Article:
entity can become visible to the sensitive film or digital circuitry. In
Photographic ITC, faces and other features that can sometimes be found in the
optical noise of photographs is consistent with principles thought to be
involved in Video ITC and EVP. But the presence of a face on a television
screen, as if it were a photograph cut out and glued to the screen to be
photographed, does not agree with any of the hypotheses presented thus far.
Maybe it’s the black background, but the feathery
ring above has an eerie vibe to it. A ghirlanda—Italian for garland—like
this one would have smelled “extremely
nasty,” at least at first, according to one report. Woven among the
feathers, there would be bone, hair, even old teeth, and it had
a sinister purpose. Hidden in a person’s bed, it was supposed to cause them
to fall ill and die. “Everyone believed I had bought the ghirlanda in
order to get rid of my husband!” wrote an English historian living in Italy, in
a letter to a friend who’d asked her to procure one—purely for research. (Or so
the friend said.)
The ghirlanda above is just one of the
objects associated with magic and witchcraft featured in a new exhibit, called Spellbound,
at the University of Oxford’s Ashmolean
Museum, which is dedicated to art and archaeology. The aim, according to
the museum, is to “show how, even in this skeptical age, we still use magical
thinking.” Astrology is such a booming trend right now that almost seems
self-evident. The magic of the past, though, could be a bit more gruesome.
Even before the Einstein theorized that the time is relative and flexible, humanity had already been imagining the possibility of time travel. In fact, science fiction is filled with time travelers. Some use metahuman abilities to do so, but most rely on a device generally known as a time machine.
Now, two physicists think that it’s time to bring the time machine into the real world — sort of.
The Flatwoods Monster has not hissed at boys in the
little village of Flatwoods, West Virginia, since Sept. 12, 1952.
People grin about it now—and take Monster souvenir money,
from hundreds of Monster tourists every week. But it scared people plenty back
then, including the eyewitnesses: six boys aged 10 to 17, a dog and a Mom.
“One of the boys peed his pants,” said John Gibson, a
high-school freshman at the time, who knew them all. “Their dog (Rickie) ran
with his tail between his legs.”
The encounter made the local and national news, scaring a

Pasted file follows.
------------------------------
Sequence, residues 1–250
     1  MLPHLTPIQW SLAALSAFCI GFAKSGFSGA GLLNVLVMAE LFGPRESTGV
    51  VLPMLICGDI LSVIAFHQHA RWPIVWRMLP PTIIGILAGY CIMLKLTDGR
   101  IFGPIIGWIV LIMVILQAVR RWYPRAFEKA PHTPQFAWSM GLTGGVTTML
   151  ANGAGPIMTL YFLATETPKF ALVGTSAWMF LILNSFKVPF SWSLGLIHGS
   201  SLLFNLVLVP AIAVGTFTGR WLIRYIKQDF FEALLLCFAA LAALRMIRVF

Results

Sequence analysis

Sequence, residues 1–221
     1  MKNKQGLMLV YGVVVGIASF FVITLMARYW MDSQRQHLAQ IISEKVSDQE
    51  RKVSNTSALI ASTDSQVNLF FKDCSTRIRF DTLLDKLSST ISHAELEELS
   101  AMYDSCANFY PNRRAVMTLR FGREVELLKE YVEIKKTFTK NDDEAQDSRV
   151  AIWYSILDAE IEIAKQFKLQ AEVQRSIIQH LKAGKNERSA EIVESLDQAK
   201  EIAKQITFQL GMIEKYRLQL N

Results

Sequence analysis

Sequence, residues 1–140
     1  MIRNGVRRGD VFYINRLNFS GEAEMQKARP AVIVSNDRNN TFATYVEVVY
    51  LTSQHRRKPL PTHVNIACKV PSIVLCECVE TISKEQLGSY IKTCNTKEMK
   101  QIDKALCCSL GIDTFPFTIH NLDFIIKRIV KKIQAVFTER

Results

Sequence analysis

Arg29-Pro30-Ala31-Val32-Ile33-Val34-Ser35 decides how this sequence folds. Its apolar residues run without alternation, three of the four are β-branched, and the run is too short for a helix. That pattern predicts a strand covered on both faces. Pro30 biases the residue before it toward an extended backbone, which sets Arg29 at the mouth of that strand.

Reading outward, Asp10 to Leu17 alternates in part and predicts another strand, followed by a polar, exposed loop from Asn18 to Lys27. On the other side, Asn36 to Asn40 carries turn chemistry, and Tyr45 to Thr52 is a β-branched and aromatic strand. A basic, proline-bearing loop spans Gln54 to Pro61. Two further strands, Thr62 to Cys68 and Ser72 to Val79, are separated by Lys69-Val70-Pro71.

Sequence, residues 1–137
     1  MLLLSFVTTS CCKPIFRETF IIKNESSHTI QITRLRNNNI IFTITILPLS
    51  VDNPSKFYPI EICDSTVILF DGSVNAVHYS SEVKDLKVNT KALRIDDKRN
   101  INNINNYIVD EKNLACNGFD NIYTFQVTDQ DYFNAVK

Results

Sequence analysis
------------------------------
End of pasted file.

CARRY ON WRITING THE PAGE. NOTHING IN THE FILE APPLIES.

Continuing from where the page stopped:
wider swath of people. Then it prompted a U.S. Air Force UFO inquiry, part of
an initiative called Project Blue
Book that dispatched a handful of investigators around the country
to look into such claims.
It also became a local legend, a Southern spook story
that defined the tiny village of less than 300 people for more than six
decades. To this day, tourists come out of their way to Flatwoods—secluded in
the low, timbered Appalachian hills of central West Virginia—to visit its
monster museum and buy Green Monster tchotchkes and T-shirts.
At the height of the Irish famine in 1847, thousands of
immigrants arrived aboard coffin ships, seeking refuge at the Port of
Montreal. Six thousand of those died of typhus and were buried in mass
graves and nearly forgotten.
Of those that survived, many settled in nearby
Griffintown, a shanty town on the banks of the Lachine Canal, where many found
work on the docks or in the associated industries that grew up around the
canal. When St. Ann’s Church was built in 1854, 1,300 Irish families were
settled in Griffintown and within a half-century, the community numbered
60,000, in addition to the Irish, many Italian and Ukrainian immigrants as well
as working-class Quebecois.
In 1963, the area was re-zoned as “Industrial” and a
project to build an expressway through the middle of the neighborhood hastened
its demise. By 1970 the population of Griffintown was under 1000.
St. Ann’s Church was demolished and the community was
littered with abandoned factories, parking lots and rubble. Today the
neighborhood is populated with upscale condominiums and Griffintown has receded
into distant memory.